How Democrats' Wall Street tax plans could hurt your retirement savings

As the 2020 primary season inches closer, Democratic presidential candidates have unveiled a slew of policy proposals — including plans funded by taxing both Wall Street and the wealthy — in hopes of setting themselves apart from the crowded field of competitors.

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This past week alone, California Sen. Kamala Harris released a Medicare for All plan financed, in part, by taxing financial trading, levying a 0.2 percent tax on tax stock trades, 0.1 percent on bond trades and 0.0002 percent on derivative transactions. She claimed it would raise “well over $2 trillion” within 10 years.

Just a few days later, during the second Democratic debate, New York City Mayor Bill de Blasio vowed to “tax the hell out of the rich” with a slew of proposals, including a CEO pay ratio tax, a corporate profits tax and a big bank excess risk tax.

Both of those plans come on the heels of Sen. Bernie Sanders’s calls for a tax of 0.5 percent on stock trades, 0.1 percent on bonds and 0.005 percent on derivatives. (Essentially, the tax on a $1,000 stock trade would come out to $5.)

Although candidates contend a Wall Street tax would hit high-frequency traders — Sanders called his proposal a “speculation tax,” meaning it’s designed to discourage speculation within the market, not target the middle class — critics argue differently.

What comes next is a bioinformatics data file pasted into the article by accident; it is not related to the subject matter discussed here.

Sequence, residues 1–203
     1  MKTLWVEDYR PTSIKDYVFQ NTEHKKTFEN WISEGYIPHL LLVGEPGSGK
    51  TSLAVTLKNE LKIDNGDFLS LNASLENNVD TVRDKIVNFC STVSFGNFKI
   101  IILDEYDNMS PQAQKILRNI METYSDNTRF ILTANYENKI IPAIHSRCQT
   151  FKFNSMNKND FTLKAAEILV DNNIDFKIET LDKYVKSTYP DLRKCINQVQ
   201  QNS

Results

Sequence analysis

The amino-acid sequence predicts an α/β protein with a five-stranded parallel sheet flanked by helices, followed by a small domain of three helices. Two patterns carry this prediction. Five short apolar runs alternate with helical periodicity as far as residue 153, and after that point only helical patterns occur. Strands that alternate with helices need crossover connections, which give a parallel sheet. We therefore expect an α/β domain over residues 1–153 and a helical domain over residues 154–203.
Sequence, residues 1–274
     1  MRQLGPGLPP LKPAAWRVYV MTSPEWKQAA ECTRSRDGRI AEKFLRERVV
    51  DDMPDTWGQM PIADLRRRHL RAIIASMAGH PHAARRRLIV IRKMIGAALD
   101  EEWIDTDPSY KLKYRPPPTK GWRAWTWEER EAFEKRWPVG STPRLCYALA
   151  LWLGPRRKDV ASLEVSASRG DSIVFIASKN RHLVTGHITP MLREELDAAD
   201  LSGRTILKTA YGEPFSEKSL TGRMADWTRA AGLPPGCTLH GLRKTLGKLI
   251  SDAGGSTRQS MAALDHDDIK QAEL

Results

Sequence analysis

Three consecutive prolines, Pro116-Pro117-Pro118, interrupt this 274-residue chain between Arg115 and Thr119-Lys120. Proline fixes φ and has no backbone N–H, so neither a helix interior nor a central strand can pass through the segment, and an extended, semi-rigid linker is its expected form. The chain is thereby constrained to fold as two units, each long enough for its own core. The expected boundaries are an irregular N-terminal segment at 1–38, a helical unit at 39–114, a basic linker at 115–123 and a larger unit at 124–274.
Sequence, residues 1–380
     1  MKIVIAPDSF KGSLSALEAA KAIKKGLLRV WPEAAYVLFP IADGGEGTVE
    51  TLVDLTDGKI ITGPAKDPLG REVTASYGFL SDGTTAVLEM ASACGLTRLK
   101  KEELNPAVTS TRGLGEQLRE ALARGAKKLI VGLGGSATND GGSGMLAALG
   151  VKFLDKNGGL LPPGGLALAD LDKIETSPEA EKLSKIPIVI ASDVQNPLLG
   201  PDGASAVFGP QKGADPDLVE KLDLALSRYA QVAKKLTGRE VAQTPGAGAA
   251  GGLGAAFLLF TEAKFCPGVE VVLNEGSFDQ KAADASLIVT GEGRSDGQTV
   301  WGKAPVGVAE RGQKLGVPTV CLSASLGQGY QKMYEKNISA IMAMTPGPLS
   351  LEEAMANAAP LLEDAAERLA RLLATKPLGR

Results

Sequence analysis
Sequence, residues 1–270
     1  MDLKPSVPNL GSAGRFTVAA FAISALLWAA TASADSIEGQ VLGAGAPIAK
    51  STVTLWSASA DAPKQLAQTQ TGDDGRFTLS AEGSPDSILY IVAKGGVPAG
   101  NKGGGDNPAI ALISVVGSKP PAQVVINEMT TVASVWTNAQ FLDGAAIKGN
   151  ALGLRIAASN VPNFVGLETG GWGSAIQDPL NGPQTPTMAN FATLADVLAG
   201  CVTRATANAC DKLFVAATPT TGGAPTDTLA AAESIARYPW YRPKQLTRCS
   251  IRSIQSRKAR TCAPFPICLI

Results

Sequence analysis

Some analysts, for instance, say that it’s impossible to tax Wall Street without also hurting the retirement savings of millions of Americans.

The Securities Industry and Financial Markets Association (SIFMA), an industry trade group, warned that financial transaction tax (which is how it describes a Wall Street tax) would cause a “cascade of taxation that will accumulate during the standard operations of a mutual fund portfolio, resulting in significant reductions in overall returns.” The author of the piece, SIFMA CEO Kenneth Bentsen, argues that an FTT is essentially a sales tax on investors, ultimately hurting savings.

“Not only would such a tax negatively impact all investors, it would also negatively impact the world’s most liquid equity market, to the further detriment of all investors,” he said. “And, history has proven time and again, such a tax never raises anywhere close to the revenue promised, while wreaking havoc for investors and markets.”

The average mutual fund investor will have to save an additional $600 per year — a 12 percent increase in savings — or work an additional two years to achieve her retirement goals. If the tax is more than 0.1 percent, that individual would have to save (or work) more. Investors in an active small-cap equity mutual fund would likely see returns shrink by an estimated 1.62 percent annually, according to SIFMA.

“The actual cost to investors is effectively much higher than the 0.1 percent rate of the proposed tax,” Bentsen said. “If an investor purchases an asset for $10,000 that produces a 5 percent annual rate of return and holds it for a year before selling, the pretax return is $500. If a 0.1 percent FTT is assessed upon sale, the tax bill is $10.50 (0.1 percent of $10,500). The 0.1 percent FTT actually represents more than 2 percent of the income generated.”

Plus, 401(k) plan participants could be subject to double taxation — and possibly face a penalty for shifting assets to an IRA.

“Imposing a de facto sales tax on the $28 trillion Americans have saved for retirement only compounds the problem of too little retirement savings in our country,” he argued.

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